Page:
So, you’ve played Words with Friends cheat screenshot for a while and you’re ready to take it to the next level. You may have even read our guide on how to get better at Words with Friends.
1. Play Better Words
The first thing you need to do when trying to improve your game is to play better words. The best way to do this is by using a strategy called “mixed pairs.”
Mixed pairs is an effective play because it allows you to use multiple letters from the same suit. For example, if you have three spades in your hand, you can pair two of them together to create a word like “hissss,” which uses two different suits to make up the word.
You can also mix your letter groups as well. If your word starts with A-K or Q-Z, then you can combine those groups to make even more words.
There are tons of examples of great mixed pairs out there, but the point is just to find good words and don’t worry about whether they work against other players. Just focus on getting them into your hand, and you’ll see your game go up pretty quickly.
2. Use More Different Types of Words
Once you start playing more words, you’ll realize that not all words are created equal. Some have more value than others. By learning how to play some specific types of words, you can improve your game dramatically.
First off, you should try to play words that are not a single letter. That means words that are longer than one letter, or even words that span two or three letters. There are many different ways to do this, and if you look around the internet, you can find lots of examples.
Next, you want to learn words that are built off of existing words. This is where you can really shine. For example, if you know the word “cat” (or any animal), you can build off of that and come up with new words based on animals. Of course, this requires a bit of creativity, but it will pay off big time if you learn to do it effectively.
Finally, you can try to play words that rhyme. Rhyming words are very powerful because they tend to be harder to beat, especially when they involve common English words. This is why you’ll often find rhyming words at the beginning of games. They’re much easier to deal with than most other words.
3. Pick Up Other Games
When I started playing Words with Friends, I was only focused on doing well in the original game. But now I’m focusing on several other games as well – not necessarily to beat my previous scores, but to expand my vocabulary.
For example, my favorite game is Trivia Crack. It’s a trivia game similar to Who Wants To Be A Millionaire?, but instead of asking questions, you have to answer them. This game isn’t super popular, but I think it’s a fun way to learn new words.
Another game that I love is Wordscraper. It’s a card game where you try to guess the correct definition. It’s been around for years and has a huge following, so there are plenty of people who know how to play it. In fact, I recently wrote a blog post on how to win at Wordscraper.
These are just two examples of games that will teach you new words, but there are many more out there. Look around online and find games that sound interesting to you. Then, check out the rules before you start playing. Most games are fairly simple to understand. After that, you’re free to play as you wish!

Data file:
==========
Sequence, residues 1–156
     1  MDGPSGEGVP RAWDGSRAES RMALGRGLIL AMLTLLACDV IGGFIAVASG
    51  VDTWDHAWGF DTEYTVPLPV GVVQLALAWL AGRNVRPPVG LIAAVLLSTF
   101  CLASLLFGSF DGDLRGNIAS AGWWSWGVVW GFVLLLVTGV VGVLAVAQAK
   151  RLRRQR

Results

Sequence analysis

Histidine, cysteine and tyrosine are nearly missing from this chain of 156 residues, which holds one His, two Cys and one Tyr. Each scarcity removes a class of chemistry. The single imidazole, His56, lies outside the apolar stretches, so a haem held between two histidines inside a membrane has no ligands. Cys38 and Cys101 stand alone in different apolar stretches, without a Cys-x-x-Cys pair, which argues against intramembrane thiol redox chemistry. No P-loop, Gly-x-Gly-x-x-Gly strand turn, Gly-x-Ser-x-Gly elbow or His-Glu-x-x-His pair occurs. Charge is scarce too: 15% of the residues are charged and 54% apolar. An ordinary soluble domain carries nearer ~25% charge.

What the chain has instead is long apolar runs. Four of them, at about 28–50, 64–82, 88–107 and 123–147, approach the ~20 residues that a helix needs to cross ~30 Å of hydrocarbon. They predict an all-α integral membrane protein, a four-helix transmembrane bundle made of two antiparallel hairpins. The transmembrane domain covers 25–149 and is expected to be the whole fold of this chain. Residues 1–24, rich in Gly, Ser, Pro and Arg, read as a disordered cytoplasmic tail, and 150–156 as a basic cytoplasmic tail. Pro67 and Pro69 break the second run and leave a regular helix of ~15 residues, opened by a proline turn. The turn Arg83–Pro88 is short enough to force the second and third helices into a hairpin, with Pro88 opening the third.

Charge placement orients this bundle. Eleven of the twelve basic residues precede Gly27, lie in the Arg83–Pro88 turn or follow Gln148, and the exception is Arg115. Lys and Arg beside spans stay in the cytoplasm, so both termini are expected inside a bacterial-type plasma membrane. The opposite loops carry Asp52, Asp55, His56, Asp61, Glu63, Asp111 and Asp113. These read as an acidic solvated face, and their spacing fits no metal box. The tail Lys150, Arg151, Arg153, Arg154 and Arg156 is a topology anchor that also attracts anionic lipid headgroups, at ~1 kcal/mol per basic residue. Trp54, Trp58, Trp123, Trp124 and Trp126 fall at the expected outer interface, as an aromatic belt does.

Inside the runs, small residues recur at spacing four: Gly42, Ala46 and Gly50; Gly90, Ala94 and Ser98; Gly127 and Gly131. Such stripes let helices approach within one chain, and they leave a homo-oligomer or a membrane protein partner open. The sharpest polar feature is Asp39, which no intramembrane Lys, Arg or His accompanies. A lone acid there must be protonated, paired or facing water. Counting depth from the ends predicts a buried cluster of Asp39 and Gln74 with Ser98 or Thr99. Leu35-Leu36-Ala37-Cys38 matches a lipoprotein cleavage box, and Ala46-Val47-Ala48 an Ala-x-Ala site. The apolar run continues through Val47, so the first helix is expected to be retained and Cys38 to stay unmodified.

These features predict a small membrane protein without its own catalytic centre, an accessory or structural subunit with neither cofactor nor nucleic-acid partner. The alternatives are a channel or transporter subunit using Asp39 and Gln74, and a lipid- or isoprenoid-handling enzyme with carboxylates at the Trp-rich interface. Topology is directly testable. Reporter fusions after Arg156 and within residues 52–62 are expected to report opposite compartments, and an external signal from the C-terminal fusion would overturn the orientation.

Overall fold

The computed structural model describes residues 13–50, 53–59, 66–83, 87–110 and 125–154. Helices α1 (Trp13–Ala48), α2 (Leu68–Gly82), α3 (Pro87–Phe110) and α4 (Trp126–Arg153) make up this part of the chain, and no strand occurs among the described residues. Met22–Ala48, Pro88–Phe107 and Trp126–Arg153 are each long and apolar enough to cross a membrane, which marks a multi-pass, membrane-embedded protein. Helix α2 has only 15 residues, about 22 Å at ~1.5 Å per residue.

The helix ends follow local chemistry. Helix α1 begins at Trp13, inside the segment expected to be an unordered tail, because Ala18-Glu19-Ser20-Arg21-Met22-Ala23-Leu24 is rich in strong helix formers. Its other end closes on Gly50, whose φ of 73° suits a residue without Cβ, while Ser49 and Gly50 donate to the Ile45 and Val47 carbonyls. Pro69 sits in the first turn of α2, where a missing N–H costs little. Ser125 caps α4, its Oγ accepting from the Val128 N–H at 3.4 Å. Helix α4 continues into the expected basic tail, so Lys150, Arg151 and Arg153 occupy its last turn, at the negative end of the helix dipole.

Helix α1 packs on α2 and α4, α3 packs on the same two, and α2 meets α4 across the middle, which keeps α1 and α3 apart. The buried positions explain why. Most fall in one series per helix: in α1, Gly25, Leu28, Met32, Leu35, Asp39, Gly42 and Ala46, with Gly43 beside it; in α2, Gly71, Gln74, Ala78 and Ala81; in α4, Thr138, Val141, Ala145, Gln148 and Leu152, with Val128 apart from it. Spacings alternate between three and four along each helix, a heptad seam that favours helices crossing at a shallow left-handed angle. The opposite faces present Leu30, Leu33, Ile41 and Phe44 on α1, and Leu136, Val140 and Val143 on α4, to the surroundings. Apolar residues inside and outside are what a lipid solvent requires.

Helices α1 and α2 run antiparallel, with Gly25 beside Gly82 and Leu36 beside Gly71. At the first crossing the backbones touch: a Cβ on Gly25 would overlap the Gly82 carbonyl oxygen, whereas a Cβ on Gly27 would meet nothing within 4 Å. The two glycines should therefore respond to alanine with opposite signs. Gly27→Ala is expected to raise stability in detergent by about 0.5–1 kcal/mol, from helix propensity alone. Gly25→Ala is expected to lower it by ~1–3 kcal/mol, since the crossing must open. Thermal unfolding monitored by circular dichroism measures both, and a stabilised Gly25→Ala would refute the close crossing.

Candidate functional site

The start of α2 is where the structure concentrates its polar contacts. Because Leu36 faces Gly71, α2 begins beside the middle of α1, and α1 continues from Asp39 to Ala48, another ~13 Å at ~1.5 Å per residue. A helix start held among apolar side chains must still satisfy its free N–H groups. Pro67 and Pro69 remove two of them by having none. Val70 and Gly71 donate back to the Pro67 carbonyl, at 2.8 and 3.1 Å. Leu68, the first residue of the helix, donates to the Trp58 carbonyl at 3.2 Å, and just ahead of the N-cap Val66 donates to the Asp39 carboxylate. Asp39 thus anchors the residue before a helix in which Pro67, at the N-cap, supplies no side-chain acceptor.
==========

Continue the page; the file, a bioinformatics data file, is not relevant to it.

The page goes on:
4. Don’t Forget About Strategy
In addition to playing words that are more difficult to beat, you should also consider playing strategically. This involves making sure that you never let yourself get too far behind, and always make sure you’re ahead in the game.
By playing strategically, you can avoid being stuck in a bad position. For example, you could try to play words that are hard to beat that are already in your opponent’s hand. Or, you could play words that aren’t in their hand, but you’re certain they’ll pick soon anyway.
Strategy is something that comes naturally to some people, but others need to practice it. When you’re trying to figure out how to play strategically, you should start by looking at the cards in your opponents hand. You can do this by hovering over each of their cards to reveal their letters. Then, compare the letters in your hand to theirs. If there are any matches, then you’re probably going to want to play those words.
Of course, this is only one part of strategy. There are lots of other things you should look at depending on your situation, such as how much time you have left in the round, your score history, and so on. You can look these up online and use them to decide what to play.
5. Start With Easy Words
As I mentioned earlier, the best way to learn new words is to play a lot of them. However, you don’t want to learn every possible word right away. Instead, you should start by playing words that are easy to beat. These are usually short words that end in K, X, Z, etc.
For example, if you’re playing with someone who knows the word “cat” and you know the word “bat,” you should play the word “kitten.” While it’s a word that’s not very likely to be used in normal conversation, it’s relatively easy to beat. Then, once you feel comfortable with the concept of playing words this way, you can move on to more difficult ones.
This doesn’t mean that you shouldn’t play any difficult words, but it does mean that you should start with easy ones to gain confidence before moving on to more challenging ones.